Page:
What's that you say? ANOTHER supposedly new Jehol basal avialan is just a junior synonym of a known species?! Shock! Gasp! This time it's none other than the armless Jeholornis palmapenis (insert priapic joke here). On the plus side, at least the description is better than others so far published, so this will help when coding Shenzhouraptor sinensis for matrices.
O'Connor et al. (2012) listed several characters supposedly distinguishing this taxon from Jeholornis prima.
The single preserved maxillary tooth and second empty alveolus contrast with IVPP V13274 (the prima holotype), V13550 and V13553 (both referred to prima), which have been reported to lack maxillary teeth. Yet jeholornithid teeth are often unpreserved due to their small size and low number, as seen by palmapenis' lack of dentary teeth (considered preservational by O'Connor et al.) and LPM 0193's (the Shenzhouraptor holotype) lack of any recognizable teeth. Even palmapenis only preserves one of the at least two maxillary teeth it had on that side. Thus the absence of maxillary teeth in other specimens may easily be preservational.
The presence of two pairs of anterior dorsal pleurocoels was listed as diagnostic (grading into a single pair posteriorly), but pleurocoel number often varies between different vertebrae and even sides of the same vertebra in theropods. Anterior pleurocoel number has not been described in any other jeholornithid specimen, but IVPP V13353 shows single pairs in dorsals nine and eleven, and three pairs in ten. Until palmapenis is shown to be consistantly unique in pleurocoel number, this character is not considered diagnostic.
The ilium is supposedly strongly convex dorsally, but it's clear the anterodorsal portion has merely been broken off, with no dorsal margin remaining anterior to the acetabular midpoint. The margin posterior to this is slightly convex as in other jeholornithid specimens. The anterior dorsal margin is preserved on the disarticulated left ilium, which forms a similar overall ilial dorsal convexity to other jeholornithids when rotated into place. Similarly, though the postacetabular process was described as strongly concave ventrally, the concavity is almost identical to that in IVPP V13353 (20% distance from line stretching from top of acetabulum to ventral postacetabular tip is 20% of ilial depth above acetabulum, compared to 19%) and other jeholornithids (the supposedly straight margin of IVPP V13274 looks slightly curved in the photo, and any difference would be insignificant in any case).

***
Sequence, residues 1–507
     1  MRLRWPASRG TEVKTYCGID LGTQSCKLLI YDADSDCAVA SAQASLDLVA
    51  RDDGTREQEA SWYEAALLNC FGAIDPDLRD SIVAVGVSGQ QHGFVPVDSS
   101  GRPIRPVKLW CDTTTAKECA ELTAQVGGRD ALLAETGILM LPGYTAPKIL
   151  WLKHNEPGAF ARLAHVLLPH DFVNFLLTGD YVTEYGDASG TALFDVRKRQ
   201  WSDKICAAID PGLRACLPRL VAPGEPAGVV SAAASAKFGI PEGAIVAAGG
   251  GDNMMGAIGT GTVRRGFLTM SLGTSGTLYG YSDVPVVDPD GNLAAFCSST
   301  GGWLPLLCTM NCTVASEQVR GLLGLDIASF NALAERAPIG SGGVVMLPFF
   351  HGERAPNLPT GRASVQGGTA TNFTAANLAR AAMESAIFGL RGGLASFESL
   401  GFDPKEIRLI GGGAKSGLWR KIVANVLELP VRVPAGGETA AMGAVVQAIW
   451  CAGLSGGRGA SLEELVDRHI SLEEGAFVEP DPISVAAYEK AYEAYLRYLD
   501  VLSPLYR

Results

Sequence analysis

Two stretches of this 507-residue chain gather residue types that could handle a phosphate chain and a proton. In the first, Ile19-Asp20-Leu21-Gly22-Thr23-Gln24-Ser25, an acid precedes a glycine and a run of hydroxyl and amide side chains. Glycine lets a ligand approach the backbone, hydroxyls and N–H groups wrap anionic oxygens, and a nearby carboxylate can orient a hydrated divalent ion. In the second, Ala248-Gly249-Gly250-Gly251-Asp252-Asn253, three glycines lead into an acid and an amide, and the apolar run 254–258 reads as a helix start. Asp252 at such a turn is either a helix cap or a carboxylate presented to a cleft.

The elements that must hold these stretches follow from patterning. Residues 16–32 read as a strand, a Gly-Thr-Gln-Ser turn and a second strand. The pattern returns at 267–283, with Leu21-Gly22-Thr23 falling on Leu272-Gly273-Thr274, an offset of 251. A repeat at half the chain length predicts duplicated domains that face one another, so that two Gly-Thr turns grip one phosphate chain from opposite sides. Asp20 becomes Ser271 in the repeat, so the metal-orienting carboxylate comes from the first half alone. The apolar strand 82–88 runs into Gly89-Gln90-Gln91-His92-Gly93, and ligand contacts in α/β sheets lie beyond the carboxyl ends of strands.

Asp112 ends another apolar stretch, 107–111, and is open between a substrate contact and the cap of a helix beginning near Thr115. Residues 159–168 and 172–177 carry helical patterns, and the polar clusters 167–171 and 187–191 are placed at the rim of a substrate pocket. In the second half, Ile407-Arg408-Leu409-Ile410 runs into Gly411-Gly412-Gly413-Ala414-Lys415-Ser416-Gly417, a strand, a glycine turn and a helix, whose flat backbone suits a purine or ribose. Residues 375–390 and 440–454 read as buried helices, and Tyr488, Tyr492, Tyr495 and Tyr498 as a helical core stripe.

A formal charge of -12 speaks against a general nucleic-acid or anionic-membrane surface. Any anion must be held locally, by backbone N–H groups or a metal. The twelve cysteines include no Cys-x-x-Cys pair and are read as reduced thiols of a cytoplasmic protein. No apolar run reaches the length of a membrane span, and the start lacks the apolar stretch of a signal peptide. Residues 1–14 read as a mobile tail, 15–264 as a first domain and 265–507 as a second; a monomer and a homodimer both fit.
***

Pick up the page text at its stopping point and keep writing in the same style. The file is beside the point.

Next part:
The dorsally curved ischium was also said to be diagnostic, but the distal ischium is unpreserved in the prima holotype, with the reconstructed portion being part of the tibia or fibula instead. Indeed, O'Connor et al. state ischial curvature is unclear in other Jeholornis specimens. LPM 0193 shows a dorsally curved ischium, albeit less so than in palmapenis.
In the tail, the transition point was stated to be more gradual (in central elongation) and posterior (at caudal seven instead of six) in palmapenis than IVPP V13550. Yet the transition point is also different in IVPP V13353, where the first elongated caudal is five, and IVPP V13274, where it seems to be at four (an unlabeled caudal is disarticulated adjacent to the last sacral). Differences in transition point abruptness are present as individual variation in other taxa, such as two nearly identical Microraptor specimens (CAGS 20-7-004 and 20-8-001), where the difference between lengths of caudals three and four is 9% in one and 53% in the other). Both caudal differences are thus more probably individual variation.
Finally, the diagnosis lists "elongated caudals possess chevrons with hooked articulations", but these articulations are not mentioned again and photos show normal, straight dorsal, anterior and posterior ends as in other paravians.